Debut filmmaker Robert Persons’ “General Orders No. 9” contemplates the loss of the natural world to the onslaught of urbanism in the Deep South. Coming seemingly out of nowhere — Persons is new to the film and festival world, where the pic has landed at small events before an under-the-radar Slamdance appearance — the work combines pictorialism and impressionist imagery with a lovely prose-poem text that rewards repeated viewings. A true original, this is a desirable film for adventurous fests and distribs specializing in nonfiction and art films on DVD.
Deer trail becomes Indian trail becomes county road is the film’s mantra, written as part of a complex and poetic text by Persons and recited with rich, gravelly intensity by narrator William Davidson. Elegantly unfolding as, first, a series of historical maps, then architectural plans and, finally, a montage of photographically pristine landscape shots, “General Orders No. 9” depicts a version of the South likely never heard or seen before. The wide swathe of land from the Mississippi River on the west to the Savannah River on the east (encompassing Alabama, Mississippi and Georgia) is viewed as a bioregion, carved first into indigenous tribal territories and then as states filled with the tiny borderlines of counties.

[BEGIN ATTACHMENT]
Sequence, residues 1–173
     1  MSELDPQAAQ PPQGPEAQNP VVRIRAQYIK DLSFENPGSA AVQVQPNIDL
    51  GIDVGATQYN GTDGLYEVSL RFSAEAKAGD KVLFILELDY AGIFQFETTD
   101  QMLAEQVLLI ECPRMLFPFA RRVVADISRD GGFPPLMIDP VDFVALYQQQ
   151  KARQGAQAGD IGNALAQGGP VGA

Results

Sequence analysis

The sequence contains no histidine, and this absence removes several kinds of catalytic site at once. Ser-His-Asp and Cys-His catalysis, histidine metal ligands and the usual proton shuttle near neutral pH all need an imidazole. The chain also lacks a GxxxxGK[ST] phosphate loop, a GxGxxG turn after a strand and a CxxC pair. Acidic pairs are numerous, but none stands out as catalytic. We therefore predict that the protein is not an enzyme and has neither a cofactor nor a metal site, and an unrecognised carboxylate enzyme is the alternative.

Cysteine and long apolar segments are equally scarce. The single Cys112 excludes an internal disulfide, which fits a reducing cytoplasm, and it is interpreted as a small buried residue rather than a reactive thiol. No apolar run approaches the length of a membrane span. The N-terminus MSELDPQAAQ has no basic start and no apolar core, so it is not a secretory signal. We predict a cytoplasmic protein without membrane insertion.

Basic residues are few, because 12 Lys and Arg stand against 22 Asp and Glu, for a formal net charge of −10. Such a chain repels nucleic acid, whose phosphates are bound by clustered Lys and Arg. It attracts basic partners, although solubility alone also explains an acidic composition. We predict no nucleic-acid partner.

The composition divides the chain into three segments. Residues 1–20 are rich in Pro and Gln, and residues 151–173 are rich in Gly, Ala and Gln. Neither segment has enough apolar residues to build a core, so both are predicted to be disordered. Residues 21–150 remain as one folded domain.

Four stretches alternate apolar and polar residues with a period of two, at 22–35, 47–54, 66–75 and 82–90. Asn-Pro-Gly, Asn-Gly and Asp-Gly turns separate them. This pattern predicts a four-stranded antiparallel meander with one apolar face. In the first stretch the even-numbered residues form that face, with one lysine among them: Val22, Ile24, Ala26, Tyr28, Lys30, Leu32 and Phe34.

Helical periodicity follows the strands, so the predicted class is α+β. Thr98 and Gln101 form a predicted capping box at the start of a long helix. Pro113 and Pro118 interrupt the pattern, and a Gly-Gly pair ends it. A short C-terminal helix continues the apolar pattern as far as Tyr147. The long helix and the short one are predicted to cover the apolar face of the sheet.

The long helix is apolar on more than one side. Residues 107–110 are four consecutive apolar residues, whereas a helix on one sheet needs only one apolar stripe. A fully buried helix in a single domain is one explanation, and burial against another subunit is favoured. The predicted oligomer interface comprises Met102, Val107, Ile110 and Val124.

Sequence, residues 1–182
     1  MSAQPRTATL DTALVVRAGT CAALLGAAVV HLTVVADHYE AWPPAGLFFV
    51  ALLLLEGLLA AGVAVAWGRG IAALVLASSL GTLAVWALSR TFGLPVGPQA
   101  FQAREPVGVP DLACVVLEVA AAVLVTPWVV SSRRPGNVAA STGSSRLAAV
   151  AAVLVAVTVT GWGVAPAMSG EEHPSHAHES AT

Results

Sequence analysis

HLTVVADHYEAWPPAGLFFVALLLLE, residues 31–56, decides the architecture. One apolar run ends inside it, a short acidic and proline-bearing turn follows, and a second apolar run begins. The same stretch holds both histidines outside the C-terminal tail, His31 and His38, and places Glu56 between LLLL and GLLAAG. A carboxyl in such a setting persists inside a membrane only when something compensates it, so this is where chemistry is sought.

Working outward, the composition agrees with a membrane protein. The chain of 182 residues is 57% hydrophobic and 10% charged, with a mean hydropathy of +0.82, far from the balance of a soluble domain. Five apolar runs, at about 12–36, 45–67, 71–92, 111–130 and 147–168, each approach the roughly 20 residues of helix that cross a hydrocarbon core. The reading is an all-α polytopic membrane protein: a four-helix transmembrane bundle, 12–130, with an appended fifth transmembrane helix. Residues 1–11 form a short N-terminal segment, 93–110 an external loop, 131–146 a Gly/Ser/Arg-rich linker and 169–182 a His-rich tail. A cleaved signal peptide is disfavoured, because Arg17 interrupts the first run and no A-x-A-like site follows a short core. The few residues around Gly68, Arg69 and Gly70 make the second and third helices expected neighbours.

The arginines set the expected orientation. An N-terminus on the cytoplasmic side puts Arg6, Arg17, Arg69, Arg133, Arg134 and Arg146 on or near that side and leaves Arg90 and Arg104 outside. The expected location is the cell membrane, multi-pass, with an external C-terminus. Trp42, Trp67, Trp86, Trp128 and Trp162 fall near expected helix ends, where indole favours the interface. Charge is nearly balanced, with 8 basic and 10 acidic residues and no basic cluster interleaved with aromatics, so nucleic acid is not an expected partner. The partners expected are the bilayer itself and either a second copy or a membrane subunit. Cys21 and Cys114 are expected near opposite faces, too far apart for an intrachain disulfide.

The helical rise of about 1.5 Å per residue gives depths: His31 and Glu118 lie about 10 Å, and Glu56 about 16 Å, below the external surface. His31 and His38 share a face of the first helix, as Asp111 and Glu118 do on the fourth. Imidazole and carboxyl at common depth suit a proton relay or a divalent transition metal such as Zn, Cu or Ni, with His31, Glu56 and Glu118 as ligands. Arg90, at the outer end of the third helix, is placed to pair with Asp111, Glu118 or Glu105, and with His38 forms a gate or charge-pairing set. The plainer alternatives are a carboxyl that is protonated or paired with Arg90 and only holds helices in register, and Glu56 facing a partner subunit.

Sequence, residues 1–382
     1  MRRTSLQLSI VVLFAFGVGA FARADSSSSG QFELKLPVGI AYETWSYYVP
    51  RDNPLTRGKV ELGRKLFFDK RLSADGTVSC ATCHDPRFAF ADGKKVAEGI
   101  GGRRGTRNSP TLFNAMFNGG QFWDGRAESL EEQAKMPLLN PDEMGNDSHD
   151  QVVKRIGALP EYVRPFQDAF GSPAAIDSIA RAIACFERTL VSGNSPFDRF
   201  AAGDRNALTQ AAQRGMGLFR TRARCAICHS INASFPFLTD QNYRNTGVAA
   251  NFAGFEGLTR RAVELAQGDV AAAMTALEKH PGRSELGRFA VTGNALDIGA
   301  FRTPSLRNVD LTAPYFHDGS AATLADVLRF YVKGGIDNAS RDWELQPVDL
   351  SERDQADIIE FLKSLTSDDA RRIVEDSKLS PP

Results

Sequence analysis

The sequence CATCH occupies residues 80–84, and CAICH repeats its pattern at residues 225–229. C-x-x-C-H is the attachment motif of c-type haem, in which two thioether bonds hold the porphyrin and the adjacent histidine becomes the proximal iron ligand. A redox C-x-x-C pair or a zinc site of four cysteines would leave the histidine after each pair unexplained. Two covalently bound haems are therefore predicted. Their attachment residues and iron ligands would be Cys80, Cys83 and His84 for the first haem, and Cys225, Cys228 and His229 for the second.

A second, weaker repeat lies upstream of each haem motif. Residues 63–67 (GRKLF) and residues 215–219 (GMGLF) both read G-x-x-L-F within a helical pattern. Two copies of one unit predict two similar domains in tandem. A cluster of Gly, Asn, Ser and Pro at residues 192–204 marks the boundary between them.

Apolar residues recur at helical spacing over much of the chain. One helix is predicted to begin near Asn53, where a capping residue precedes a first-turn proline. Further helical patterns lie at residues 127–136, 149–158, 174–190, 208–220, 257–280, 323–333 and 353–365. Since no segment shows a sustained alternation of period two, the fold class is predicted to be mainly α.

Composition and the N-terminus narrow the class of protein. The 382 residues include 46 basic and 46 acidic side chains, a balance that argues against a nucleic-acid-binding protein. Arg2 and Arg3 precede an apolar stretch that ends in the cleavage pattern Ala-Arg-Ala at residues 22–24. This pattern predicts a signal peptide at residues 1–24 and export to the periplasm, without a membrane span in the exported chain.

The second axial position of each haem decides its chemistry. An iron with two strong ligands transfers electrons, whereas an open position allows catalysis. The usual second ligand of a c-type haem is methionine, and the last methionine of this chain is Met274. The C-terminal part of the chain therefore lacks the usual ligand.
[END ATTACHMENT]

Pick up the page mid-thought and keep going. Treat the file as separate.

These counties take on an almost mystical, even sinister quality in Persons world, or as he terms it in his peculiarly Southern turn of phrase, the world entire. The center of this world is the weather vane atop an archetypal county courthouse situated at the heart of the county seat, as if it were some harbinger of terrible things to come.
Portions of the film are purely pictorial, with gorgeous images (by Persons) that are more properly photography than cinema. But the accumulation of small details, observations and a precise rhythm created by editor Phil Walker asserts a cinematic direction. The film’s lament of the eradication of wilderness for a megalopolis (Atlanta, in this case, viewed as an airless, concrete monstrosity) is hardly new, but Persons’ and Walker’s selection and choices offer a new variation on old ideas.
A certain obscurantism is detectable in the mysterious title, which does little to suggest the film’s sensuousness and willful poetry. Chris Hoke’s original ambient score dovetails with soundtrack selections (including work by composer John Tavener) that magnificently support and complement the mystical mood.
Pic won Slamdance’s cinematography prize.